9/11 Was The End Of Irony…And The First Amendment
Manhattan is a place where millions of people live. They work there, they date there, they eat there, they get married there, they raise children there – and they worship there. This is not the function of meat-eaters trying to stick it to vegetarians (and vice versa), or fertile people flaunting their properly functioning reproductive systems to the infertile. It is the function of people living in a place and participating in the things that people do as functional human beings.
And that’s what makes this piece so heart wrenching to read. The Washington Post found the Muslim daughter of a 9/11 victim, and gave her space in the paper to oppose the Cordoba House…by declaring that some ill-defined space around Ground Zero should be free from religion altogether.
From the first memorial ceremonies I attended at Ground Zero, I have always been moved by the site; it means something to be close to where my mother may be buried, it brings some peace. That is why the prospect of a mosque near Ground Zero — or a church or a synagogue or any religious or nationalistic monument or symbol — troubles me.
But a mosque nearby — even a proposed one — is already transforming the site from a sacred ground for reflection, so desperately needed by the families who lost loved ones, to a battleground for religious and political ideologies. So many people from different nationalities and religions were killed that day. This site should be a neutral place for all to come in peace and remember. I believe my mother would have thought so as well.
With all due respect, Ground Zero was a battleground for religious and political ideologies before 9/11, on 9/11, and most certainly after 9/11. The idea that pretending Islam (or, in fact, the conflicts and ideologies that define and guide our world) doesn’t exist for some undisclosed number of blocks around Ground Zero is not just naive beyond belief. If applied consistently, it would require a fundamental remaking of one of the most densely populated areas in America for blocks, perhaps miles.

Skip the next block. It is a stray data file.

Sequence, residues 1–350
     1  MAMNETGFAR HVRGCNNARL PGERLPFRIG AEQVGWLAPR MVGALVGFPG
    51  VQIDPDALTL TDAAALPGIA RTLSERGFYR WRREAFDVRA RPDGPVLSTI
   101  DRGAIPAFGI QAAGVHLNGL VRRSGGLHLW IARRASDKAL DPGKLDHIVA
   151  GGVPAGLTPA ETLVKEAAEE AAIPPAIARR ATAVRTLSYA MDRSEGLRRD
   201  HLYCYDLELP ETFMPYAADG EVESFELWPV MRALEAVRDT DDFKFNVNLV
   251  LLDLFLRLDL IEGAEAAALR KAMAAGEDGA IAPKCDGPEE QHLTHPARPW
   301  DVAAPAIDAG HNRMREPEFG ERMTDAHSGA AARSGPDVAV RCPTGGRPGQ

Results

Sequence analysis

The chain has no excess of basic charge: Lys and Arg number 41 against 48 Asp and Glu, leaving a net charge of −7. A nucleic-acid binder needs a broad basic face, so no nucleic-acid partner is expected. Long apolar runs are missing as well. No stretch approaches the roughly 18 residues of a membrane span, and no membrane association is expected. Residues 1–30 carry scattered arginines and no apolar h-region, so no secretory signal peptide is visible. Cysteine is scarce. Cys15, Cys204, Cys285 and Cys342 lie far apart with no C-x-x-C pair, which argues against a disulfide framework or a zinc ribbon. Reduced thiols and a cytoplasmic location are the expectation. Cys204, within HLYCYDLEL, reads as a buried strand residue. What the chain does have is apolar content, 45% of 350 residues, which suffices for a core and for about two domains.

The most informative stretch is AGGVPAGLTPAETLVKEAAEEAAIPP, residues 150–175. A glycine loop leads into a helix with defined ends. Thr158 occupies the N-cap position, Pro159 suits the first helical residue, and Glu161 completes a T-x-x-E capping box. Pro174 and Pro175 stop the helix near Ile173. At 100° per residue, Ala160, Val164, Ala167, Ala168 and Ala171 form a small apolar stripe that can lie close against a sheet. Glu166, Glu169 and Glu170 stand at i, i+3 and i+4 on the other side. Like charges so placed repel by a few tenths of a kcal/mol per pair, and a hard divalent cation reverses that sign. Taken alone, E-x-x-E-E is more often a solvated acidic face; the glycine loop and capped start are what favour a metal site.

There are dozens of churches within blocks of Ground Zero. There are a handful of synagogues, and a single mosque. Before Cordoba House was announced, there was no controversy over any of these places. The normal tapestry of American life weaves houses of worship in next to McDonald’s and CVS and Starbucks. There were no religious wars, no claim that St. Peter’s Catholic Church was an attempt to consecrate Ground Zero as a place in the Catholic faith, or that Beth Din Zidek was a Zionist base to raise ire against Muslims in America. It was only when Muslims, Muslims who have made it a clear and consistent point to preach tolerance and opposition to terrorism, attempted to build something new that Ground Zero because a sacred space from which all mention of controversy should be excised.
Whatever this woman’s pain, it doesn’t justify turning some broad area around Ground Zero into a place where Americans can no longer participate in the fundamental freedoms that make this country what it is, no matter the discomfort it might cause. If a Methodist church wants to hold a prayer vigil at Ground Zero, they should. If a Jewish congregation wants to remember September 11th at Shabbat, they should. And if a group of Muslims wants to take open real estate a few blocks away and build a center for people of their faith – and all faiths – to come and be together, then every single fiber of this country’s philosophical underpinnings should support them in that.
Otherwise, it’s time to start bulldozing some churches.